Steve, would you be comfortable sending me your email address? I can send you short little mp3 recordings of the tones on all there calcs and you can inform me accordingly.

Les

#40

Yes, if you use a speed-up HP41, the IR module won't pass the selftest, although the module is OK.

/Poul

#41

To test if it is a speeded up 41, program a small loop and measure how long it takes for example to run this loop a 100 times. If you put your code in this forum we can test the same loop on a known not speeded up version and make the verdict ........

My 2 cents

Ronald

#42

If you have access to an ROM Emulator (MLDL, Clonix, HEPAX) there might be a solution, but this depends on the IR module being hard addressed or not. The original printer ROM is hard addressed to Page 6. With this method you could put a known good copy of the IR Printer ROM in the ROM Emulator and test it. I have been able to revive a Wand with a broken ROM in this way using the MLDL2000.

Meindert

#43

The seller refunded the full amount this morning, no questions asked, and told me to KEEP the lot! I feel oddly guilty--if this is actually a "speeded up 41" issue and the module is fine, then I will need to come clean with him.

As it stands now, I have no clue how to pry apart anything to see if I have this little switch, so I will leave it alone.

Les

#44

Now this is weird....

I have discerned that the routines that misbehave have to do with printing out lists of things. Here is what I have discovered.

If I want to print a program, I execute the PRP command and then use SST to print each line manually....

If I want to print the stack, I execute the PRSTK command and then use SST to print each line manually....

If I want to print my program catalog with byte info, in TRACE mode I execute CAT 1 and step thru each line to print with SST....

I have been able to replicate this behaviour with PRSigma, PRREG, PRREGX, PRFLAGS, and LIST too--I can get my desired list of whatever by executing the command, the SSTing thru each line to coax the calc into sending the output.

Weird!!!!

Any clue about this behaviour? I am glad I found a sort of workaround, albeit a nuisance. Could this be related to the "sped up" issue mentioned earlier?

Les


#45

do you have the problem with both 41s or only with one of them? It's unlikely that you have both of your 41s speeded up.


#46

Quote:
do you have the problem with both 41s or only with one of them? It's unlikely that you have both of your 41s speeded up.


Unless he bought them from the same source.

#47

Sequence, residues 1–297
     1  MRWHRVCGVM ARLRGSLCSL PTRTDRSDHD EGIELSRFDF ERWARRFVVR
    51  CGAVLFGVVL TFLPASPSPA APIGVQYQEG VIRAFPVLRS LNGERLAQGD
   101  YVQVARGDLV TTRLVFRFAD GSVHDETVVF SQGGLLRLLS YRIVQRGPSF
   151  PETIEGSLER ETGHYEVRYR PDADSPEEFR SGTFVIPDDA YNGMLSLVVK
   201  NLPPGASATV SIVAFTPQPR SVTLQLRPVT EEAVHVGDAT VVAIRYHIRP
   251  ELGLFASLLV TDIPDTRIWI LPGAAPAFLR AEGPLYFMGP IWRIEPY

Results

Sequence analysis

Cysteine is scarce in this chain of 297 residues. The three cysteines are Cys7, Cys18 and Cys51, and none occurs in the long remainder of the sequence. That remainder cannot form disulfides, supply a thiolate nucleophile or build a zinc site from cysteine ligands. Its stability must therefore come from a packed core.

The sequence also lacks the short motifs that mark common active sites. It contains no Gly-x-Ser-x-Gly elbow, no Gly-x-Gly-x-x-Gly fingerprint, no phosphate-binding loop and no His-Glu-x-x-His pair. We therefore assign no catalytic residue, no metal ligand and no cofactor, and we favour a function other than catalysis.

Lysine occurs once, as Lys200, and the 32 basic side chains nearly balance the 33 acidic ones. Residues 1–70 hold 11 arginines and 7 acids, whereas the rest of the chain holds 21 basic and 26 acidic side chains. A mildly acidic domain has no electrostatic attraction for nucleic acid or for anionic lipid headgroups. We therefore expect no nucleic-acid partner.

Behaviour with both CV and CX. I bought them both from separate sources--the CV in Toronto in 1984, and the CX on eBay last May.

Les

#48

Les, you don't have to pry the cover off, that was just a suggestion. The mod is intended to work just by pushing the ac adapter cover in firmly, that should activate the switch and toggle between sped up mode and normal mode. You can then tell by executing beep which mode it's in. Try it! See if you get a change in the pitch of the beep after trying it a few times.

BTW, the cover is very easy to take off, you can use a small flat screwdriver to pry it out. Just be careful not to scratch the case.


#49

Steve, can you email a photo?

All I have is a little rectangular port cover that pops out easily when I take out the battery holder and pop the prongs from the inside.

I see just two holes in the little recess. Nothing that looks remotely like a switch activated by pressing in on this cover. Just black plastic, and holes.

Looks exactly the same on 1987 CX and 1984 CV.

Les


#50

Quote:
Steve, can you email a photo?

All I have is a little rectangular port cover that pops out easily when I take out the battery holder and pop the prongs from the inside.

I see just two holes in the little recess. Nothing that looks remotely like a switch activated by pressing in on this cover. Just black plastic, and holes.

Looks exactly the same on 1987 CX and 1984 CV.

Les


I could send you a photo but I don't think it's necessary since the switch would be pretty obvious. Sorry for the false hope and wild goose chase, but I guess the module is bad after all.

#51

Hi, Les;

are you using another module, mainly system-related, togheter with the IR module? The [SST]-related behavior called my attention.

If so, could you remove all of them and try TESTP again?

Cheers.

Luiz (Brazil)


#52

Luiz, I did a reset of the CX (I didn't have much of importance on it), and ran TESTP with the module in each port as the only module. BAD in all four.

Les